Getting into a new market early clearly has its benefits and it is the key reason many retailers are now investing in Iraq
Retailers breaking ground in Iraq
Being first can often be crucial to a retailer's success.
Back in 1975, a little-known hardware company called Mits produced one of the first personal computers with the help of some wide-eyed college kids, namely the Microsoft founders Paul Allen and Bill Gates. Before more established brands such as Apple even got a foothold in the market, Mits managed to reach US$1 million (Dh3.6m) in sales.
In the UAE, Nissan was one of the first car makers to garner a reliable reputation through its Patrol 4x4. Sales of the company's vehicles, through the dealers Arabian Automobiles in Dubai and Al Masaood in Abu Dhabi, make up a large proportion of the market here.
So getting into a new market early clearly has its benefits and is the key reason many retailers are now investing in Iraq.
Despite lingering instability, its nascent economic promise makes it an appealing prospect for retailers looking to expand from saturated markets.
Richard Adams, a retail analyst at Verdict Research in Dubai, points out that the investment made in infrastructure will create a strong consumer base that will ultimately need to be serviced.
"There are a large number of retailers that are sizing up the market in Iraq and some have taken the plunge already," Mr Adams says. "It's a very exciting market and first advantage can be invaluable."
Iraq's GDP is expected to grow at 9.6 per cent this year from a weak base, according to the IMF, up there with the titanic figures posted by India and China.
Next year, GDP growth is expected to peak at 12.5 per cent before bouncing around the 9 per cent mark for the next five years.
Driving this growth are the country's oil exports, the value of which the IMF predicts will almost double in five years from $70 billion a year to $138bn.
"Middle Eastern retailers know the huge possibilities in this untapped country," says Jamie Majid, a director of BTWShiells, a developer carrying out the design and build of the $90m Mane Mall in Erbil, northern Iraq. "In short, the population is circa 33 million, with the third-biggest proven oil reserves worldwide, but without a supply of modern retail."
Mr Majid says that if you combine all these elements with strong consumer demand among Iraqis, then it is obvious that retailers will enjoy strong sales figures.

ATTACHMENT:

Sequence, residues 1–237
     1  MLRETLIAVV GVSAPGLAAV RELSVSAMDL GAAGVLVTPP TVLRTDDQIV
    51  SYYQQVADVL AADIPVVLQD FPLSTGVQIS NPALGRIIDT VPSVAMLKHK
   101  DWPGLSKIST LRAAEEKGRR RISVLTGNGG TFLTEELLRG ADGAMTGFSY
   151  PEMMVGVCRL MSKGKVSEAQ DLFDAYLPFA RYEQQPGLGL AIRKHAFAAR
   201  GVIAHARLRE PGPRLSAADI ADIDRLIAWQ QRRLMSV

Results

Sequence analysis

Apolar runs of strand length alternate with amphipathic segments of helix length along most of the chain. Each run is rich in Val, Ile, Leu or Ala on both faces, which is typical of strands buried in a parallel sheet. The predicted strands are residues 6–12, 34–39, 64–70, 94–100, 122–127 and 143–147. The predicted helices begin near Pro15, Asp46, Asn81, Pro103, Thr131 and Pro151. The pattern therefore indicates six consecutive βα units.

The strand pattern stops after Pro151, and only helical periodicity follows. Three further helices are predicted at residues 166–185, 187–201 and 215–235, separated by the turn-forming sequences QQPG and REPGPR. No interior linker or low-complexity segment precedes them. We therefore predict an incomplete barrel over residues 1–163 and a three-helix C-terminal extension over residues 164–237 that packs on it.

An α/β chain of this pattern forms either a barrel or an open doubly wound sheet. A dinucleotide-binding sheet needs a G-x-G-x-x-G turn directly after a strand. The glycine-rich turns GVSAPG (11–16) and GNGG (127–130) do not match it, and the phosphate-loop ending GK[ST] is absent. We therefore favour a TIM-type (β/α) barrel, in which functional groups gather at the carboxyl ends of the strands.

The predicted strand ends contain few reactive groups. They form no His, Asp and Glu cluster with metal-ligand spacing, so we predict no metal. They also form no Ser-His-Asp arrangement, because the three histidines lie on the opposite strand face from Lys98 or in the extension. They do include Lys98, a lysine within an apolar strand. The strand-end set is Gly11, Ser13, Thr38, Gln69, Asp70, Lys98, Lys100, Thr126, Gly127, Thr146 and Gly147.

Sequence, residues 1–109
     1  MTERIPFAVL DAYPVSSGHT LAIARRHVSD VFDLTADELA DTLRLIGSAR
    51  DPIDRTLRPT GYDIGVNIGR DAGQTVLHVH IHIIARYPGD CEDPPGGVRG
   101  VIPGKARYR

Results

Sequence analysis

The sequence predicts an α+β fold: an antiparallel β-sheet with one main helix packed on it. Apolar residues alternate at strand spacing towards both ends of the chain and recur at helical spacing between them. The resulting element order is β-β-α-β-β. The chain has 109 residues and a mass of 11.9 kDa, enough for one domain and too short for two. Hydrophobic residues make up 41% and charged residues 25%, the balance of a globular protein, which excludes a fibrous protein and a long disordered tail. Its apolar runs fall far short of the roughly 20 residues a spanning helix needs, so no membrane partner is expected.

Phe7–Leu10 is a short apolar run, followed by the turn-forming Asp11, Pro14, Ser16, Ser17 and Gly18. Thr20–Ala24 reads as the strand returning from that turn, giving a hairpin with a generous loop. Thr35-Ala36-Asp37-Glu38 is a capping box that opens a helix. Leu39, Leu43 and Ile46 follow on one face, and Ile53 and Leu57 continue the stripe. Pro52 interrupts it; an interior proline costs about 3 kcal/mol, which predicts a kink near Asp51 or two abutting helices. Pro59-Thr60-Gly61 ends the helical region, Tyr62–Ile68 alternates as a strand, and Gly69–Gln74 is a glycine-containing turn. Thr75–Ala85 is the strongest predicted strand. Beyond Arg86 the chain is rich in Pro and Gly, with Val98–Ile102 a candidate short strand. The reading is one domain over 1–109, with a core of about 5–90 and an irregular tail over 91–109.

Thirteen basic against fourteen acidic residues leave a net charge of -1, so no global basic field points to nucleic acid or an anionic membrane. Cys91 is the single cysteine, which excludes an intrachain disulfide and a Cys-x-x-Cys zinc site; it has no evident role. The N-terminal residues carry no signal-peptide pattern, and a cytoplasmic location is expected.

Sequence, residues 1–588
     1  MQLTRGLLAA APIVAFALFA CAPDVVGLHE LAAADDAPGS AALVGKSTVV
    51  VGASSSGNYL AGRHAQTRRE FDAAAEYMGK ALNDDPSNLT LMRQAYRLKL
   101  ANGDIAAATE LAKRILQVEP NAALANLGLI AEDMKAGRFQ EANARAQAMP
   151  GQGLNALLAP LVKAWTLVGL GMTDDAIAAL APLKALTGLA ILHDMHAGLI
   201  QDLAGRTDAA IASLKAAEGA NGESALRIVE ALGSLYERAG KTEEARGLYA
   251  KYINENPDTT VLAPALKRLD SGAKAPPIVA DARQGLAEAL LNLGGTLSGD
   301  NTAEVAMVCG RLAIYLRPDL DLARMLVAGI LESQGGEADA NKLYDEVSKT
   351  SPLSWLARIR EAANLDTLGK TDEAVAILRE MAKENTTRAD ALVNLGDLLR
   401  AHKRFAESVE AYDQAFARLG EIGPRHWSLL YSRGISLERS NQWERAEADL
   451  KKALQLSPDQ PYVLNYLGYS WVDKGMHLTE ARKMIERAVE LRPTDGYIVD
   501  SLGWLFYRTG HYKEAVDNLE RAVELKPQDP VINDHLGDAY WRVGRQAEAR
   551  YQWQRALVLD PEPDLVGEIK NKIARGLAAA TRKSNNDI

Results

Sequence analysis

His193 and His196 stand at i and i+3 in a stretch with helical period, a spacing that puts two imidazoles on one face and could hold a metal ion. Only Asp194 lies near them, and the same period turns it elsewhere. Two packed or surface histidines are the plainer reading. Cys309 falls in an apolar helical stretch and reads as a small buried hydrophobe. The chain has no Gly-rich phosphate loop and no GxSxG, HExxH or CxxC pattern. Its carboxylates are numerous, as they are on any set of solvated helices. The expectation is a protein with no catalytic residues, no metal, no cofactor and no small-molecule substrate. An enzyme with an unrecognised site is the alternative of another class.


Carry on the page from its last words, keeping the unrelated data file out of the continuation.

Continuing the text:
Renault, the car maker, is the latest company to announce expansion plans in Iraq, appointing United Trading Automobile Company (Utac) as its sole distributor. Utac is a three-way partnership between two local business conglomerates, Al Bunnia Group and CET Holding, as well as the AW Rostamani Group, based in the UAE.
Other retailers expected to take the plunge in the next few years are the hypermarket Carrefour, clothing retailer Giordano and paints manufacturer Jotun. Nissan, through Al Rostamani, General Motors (GM) and Land Rover are all already selling cars in Iraq.
It has been one of GM's fastest-growing markets globally in the past six months, with sales almost doubling in February on the same period a year ago.
"In the first quarter of 2011, sales in Iraq outstripped the growth we witnessed in 2010," says Muneer Alhasan, the regional manager for Iraq at GM Middle East Operations. "We expect sales to grow in the near future as the marketplace starts to witness more stability and more investors start to make ground or expand in the country."
Michel Ayat, the chief executive of Arabian Automobiles, part of AW Rostamani, says the company will sell 15,000 Nissans and 7,000 Renaults in Iraq this year, with double-digit growth thereafter.
Many brands are looking to enter Iraq with their current partners in the Middle East, who offer valuable experience in the region. But others are also hoping to set up shop without partners.
Mr Majid says the government in Iraq is keen to attract foreign businesses, so there is no corporate tax, only a small duty on imports, and no regulations on foreign ownership.
BTWShiells, based in the UK, has formed a joint venture called BTWMajidi with Iraq's Diyar Group to design, build and manage the Mane Mall.
When it opens next year it will offer more than 150 international brands including a hypermarket, department store, furniture store, multiplex cinema, bowling lanes, children's play area, fast-food court and fine dining.
Mr Majid says BTWMajidi will announce in the next two months a host of international and Middle Eastern companies that have signed leases.
"Iraqis are hungry for international brands, because many have lived across Europe and the Middle East over the last 30 years," he says. "There is a growing middle class in Iraq, which means a growing disposal income."
BTWShiells has offices in London, Dubai, Belfast and Erbil. It also manages 40 shopping malls in the UK and Ireland, with a total portfolio value of $6.5bn. Mane Mall is its first project in Iraq.
But then, Erbil is becoming something of a hub for the retail revival the country is experiencing, with several malls in the city expected to be opened in the next two years.
Even recent protests in Iraq against corruption have failed to shake confidence in the business community, although they have acted as a wake-up call.
"Compared to protests in other Middle Eastern countries, Iraq has been, and we are hopeful it will remain, quiet," Mr Majid says. "The majority of the Iraqi people now wish to grow their country to the great nation it once was, which is why so many are now returning."
Mr Adams agrees with this optimistic outlook. "As long as it's stable and the geopolitical situation settles down, then you will see people do well," he says. "Fundamentally, the long-term structure of the economy will be robust, and I certainly think the US will prioritise security in Iraq."